The home of Dominic Baggott, a beer-drinking, code-writing, London-based web developer.

Replacing a Damaged iPhone Screen

Some time last year I managed to smash the screen of my iPhone. The LCD and digitiser (that's the bit that does the multitouch stuff) were both working fine, I just had to put up with pieces of broken glass coming off into my fingers and/or ear.

As of now, after the second round of repairs, I once again have a working iPhone and have a few of pieces of advice I wish I'd had before I started trying to fix it.

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Fixing change events on radio inputs

I was tasked with rewriting a piece of horribly underperformant code recently and in the process of checking I hadn't introduced any bugs I came across some behavioural oddness in Webkit (I use the nightlies with the excellent inspector as a development browser) and IE. Part of the form involved showing or hiding different dropdowns based on which radio button was selected, and both these browsers had quirks in their change events.

In IE a change event is only fired when you blur away from the radio input. I'd come across this before so just filed it under "fix later" and moved on. When I was testing keyboard interaction however, Webkit threw me a curve ball: it doesn't fire a change event at all if you modify the selected radio using your keyboard.

Since I was relying on change events to reveal the correct portion of the form this completely wrecked accessibility. The hunt was on for an elegant, general-purpose solution that didn't involve sticking conditional checks into my existing event handlers.

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Optimising jQuery selectors in IE7

I'm currently doing a stint at LBi working on a large project which is nearing the initial release. All the functionality has been written and most of the bugs have been squashed, so we're turning our eye to performance. There's a lot of javascript which runs nice and speedily in modern browsers but we're looking at over a second of javascript execution on DOM ready in Internet Explorer 7.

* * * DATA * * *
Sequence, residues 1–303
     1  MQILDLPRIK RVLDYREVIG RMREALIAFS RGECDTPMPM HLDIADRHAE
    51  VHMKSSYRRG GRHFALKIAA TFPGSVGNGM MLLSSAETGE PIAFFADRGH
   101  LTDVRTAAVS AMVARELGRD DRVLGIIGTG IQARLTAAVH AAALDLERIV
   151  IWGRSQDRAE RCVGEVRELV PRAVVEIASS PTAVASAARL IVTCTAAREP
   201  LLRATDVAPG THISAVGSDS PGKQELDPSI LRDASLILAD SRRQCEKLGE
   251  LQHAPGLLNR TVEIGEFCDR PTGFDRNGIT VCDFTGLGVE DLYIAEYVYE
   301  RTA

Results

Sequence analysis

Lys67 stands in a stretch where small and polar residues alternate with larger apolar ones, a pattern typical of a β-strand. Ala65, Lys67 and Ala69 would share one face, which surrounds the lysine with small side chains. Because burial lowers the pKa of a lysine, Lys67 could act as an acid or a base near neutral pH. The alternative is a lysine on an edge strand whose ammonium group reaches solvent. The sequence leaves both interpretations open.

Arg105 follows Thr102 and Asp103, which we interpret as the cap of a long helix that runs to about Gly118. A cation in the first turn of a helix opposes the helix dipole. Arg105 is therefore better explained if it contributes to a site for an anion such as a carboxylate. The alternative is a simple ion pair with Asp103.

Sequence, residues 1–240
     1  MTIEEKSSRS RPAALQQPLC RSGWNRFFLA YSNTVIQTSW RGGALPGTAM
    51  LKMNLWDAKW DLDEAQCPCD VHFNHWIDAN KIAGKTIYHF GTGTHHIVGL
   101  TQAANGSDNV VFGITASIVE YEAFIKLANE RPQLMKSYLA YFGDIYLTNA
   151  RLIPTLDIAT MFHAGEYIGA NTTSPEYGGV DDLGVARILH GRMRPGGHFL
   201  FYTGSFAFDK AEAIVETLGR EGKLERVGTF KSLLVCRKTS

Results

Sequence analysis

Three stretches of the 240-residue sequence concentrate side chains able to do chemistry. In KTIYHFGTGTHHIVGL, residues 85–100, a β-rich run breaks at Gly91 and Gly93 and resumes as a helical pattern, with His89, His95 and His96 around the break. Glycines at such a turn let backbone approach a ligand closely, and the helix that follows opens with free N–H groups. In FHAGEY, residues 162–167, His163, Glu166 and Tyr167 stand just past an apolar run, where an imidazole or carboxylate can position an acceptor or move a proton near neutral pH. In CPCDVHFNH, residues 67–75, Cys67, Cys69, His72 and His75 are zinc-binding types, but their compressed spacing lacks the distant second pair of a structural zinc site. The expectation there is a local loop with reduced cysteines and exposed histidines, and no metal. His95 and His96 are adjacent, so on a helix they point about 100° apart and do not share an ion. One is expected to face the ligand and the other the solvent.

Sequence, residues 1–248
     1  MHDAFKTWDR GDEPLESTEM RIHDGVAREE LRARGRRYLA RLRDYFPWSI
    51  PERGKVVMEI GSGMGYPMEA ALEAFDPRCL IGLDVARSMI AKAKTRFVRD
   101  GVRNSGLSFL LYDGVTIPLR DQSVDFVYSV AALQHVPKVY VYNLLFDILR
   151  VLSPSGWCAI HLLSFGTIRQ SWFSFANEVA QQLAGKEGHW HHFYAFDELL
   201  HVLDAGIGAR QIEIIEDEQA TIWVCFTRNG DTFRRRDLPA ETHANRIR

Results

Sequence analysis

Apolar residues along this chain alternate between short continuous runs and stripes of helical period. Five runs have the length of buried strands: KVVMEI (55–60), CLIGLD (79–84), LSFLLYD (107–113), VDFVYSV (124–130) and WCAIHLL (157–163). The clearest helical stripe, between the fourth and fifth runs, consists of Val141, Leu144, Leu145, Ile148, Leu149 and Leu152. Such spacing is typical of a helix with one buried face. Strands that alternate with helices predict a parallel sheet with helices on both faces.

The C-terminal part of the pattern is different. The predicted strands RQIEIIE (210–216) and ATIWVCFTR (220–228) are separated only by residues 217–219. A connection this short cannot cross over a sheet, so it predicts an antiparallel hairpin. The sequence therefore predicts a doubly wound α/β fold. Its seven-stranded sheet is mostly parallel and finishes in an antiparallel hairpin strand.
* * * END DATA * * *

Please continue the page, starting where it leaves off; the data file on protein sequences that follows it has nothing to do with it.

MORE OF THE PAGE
Using dynaTrace to identify the worst offenders I was surprised to see how much time was being spent in selectors, a lot of which weren't finding anything. Over 30 selector calls were being made on every page load, and whether they returned anything or not it was taking IE a long time to process them all.

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Painless Wordpress updates with Git

Wordpress' code structure makes me cringe every time I have to deal with it. I keep coming back to it because the admin interface is great and the non-technical people who actually use the sites I build get on well with it. This means looking after multiple Wordpress installs, each of which needs upgrading when a security fix is released.

Until now I've been having to do the upgrades in a really slow, tedious way --- unpack the new release into its own folder, copy everything install specific to the new version, and then fire up your test environment whilst hoping you didn't forget anything. Yesterday I decided to find a better way. I've been using Git to manage my projects so unsurprisingly my solution is centered around it. I can now upgrade a Wordpress install with a simple git merge -s subtree wordpress/master.

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